Below is a U-Tube briefing on the different beliefs:
What is a belief system?
A belief system is a set of mutually supportive beliefs. Belief is defined as a “state or habit of mind in which trust or confidence is placed in some person or thing.” Wiki: belief system Belief is the mental act, condition, or habit of placing trust or confidence in another. “It can also be something believed or accepted as true, especially a particular tenet or a body of tenets accepted by a group of persons.” Online dictionary A belief may be an opinion, view-point or a bias adopted from others but without real supporting evidence.
A belief system is formed from the support of like thinking individuals about a thing or idea. Many persons sharing similar or like ideas will have similar values. It is the coming together of similar belief persons that evolves behaviors, habits and ideologies or beliefs; such as health habits, belief in vaccinations, belief in democracy, belief in capitalism and so on. A person’s belief system is often based on trusting their friends and other messengers of information, in believing what friends tell them as true, on the assumption that the information is true and that the person as a source of information is honest. The opposite can also be true!
Kinds of beliefs:
A simplistic example of a universal belief system is summarized in the table below. Four major systems were recognized as major problems in United States. These are inter-related and help to define the belief system of the American culture. Within each of these major systems may be lesser belief systems, as exemplified below:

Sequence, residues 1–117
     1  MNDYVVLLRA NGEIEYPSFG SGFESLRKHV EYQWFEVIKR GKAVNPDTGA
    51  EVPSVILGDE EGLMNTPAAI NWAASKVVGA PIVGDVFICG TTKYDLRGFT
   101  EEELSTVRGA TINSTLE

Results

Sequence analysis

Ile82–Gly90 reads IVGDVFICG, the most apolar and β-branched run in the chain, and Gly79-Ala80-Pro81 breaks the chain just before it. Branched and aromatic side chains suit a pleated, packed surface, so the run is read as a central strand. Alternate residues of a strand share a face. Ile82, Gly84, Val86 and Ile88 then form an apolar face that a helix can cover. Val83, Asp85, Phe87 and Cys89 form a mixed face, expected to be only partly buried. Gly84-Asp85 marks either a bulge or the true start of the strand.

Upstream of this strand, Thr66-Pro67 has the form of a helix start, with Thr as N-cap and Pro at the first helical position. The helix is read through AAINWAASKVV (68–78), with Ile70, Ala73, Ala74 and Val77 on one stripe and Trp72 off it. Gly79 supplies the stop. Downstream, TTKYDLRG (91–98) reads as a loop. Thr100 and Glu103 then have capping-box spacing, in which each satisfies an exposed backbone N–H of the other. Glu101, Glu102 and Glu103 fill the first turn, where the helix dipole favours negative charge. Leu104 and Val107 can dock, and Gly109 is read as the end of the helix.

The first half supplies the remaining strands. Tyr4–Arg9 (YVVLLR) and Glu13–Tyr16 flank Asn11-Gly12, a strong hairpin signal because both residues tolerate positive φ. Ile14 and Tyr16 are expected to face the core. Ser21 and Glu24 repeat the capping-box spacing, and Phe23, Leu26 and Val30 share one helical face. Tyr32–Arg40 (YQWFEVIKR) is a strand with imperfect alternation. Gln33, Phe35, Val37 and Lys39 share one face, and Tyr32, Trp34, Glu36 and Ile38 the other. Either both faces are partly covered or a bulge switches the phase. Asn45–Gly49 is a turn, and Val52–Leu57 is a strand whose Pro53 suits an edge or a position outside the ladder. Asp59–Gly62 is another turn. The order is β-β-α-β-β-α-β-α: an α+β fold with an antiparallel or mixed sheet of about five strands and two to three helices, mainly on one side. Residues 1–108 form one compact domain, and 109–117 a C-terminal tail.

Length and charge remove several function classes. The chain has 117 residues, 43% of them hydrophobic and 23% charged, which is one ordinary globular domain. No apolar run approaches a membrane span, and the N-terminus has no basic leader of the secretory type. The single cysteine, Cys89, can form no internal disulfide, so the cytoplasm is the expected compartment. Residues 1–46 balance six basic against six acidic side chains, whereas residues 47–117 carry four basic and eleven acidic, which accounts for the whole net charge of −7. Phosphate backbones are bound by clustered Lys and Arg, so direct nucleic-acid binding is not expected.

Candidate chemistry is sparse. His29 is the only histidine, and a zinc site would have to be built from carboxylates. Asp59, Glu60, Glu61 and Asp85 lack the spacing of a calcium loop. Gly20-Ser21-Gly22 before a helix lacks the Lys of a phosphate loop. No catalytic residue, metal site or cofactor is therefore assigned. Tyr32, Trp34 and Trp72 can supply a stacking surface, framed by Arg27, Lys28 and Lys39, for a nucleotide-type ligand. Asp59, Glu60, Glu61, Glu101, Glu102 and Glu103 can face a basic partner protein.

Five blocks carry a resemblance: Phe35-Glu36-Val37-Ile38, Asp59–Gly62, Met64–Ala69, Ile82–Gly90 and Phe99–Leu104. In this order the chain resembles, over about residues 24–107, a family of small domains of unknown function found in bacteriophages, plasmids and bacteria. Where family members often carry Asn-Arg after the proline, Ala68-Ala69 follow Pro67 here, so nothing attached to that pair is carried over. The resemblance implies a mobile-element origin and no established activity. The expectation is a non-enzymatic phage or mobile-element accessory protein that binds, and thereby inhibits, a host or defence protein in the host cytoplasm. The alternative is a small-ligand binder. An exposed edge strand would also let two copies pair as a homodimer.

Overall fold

The classification of examples in the table is arbitrary and incomplete. There are some belief systems that have been left out, such as education.
All belief systems are based on theories and ideologies. For example economic theories are tagged as mostly beliefs. Economics has been characterized by Anantha Nageswaran as a social science that influences and is influenced by human behavior. Nageswaran: Economics belief system
Additional examples of belief systems controlling social behaviors are health belief systems Elgee: health belief systems and political systems.Rawls: theory justice Rawls: another interpretation of Rawl
Political corruption is the use of legislated powers by government officials for illegitimate private gain. Wiki: Political corruption
Beliefs can be misconceptions and misleading. Below are a few examples of how beliefs can be misconceptions: Wiki: list misconceptions
What does a belief system do?
People around the world have very different belief systems, different lives and ways of living. People live their lives according to what they believe to be right and wrong. They often follow the rules of their countries main religion-culture-political-economic system.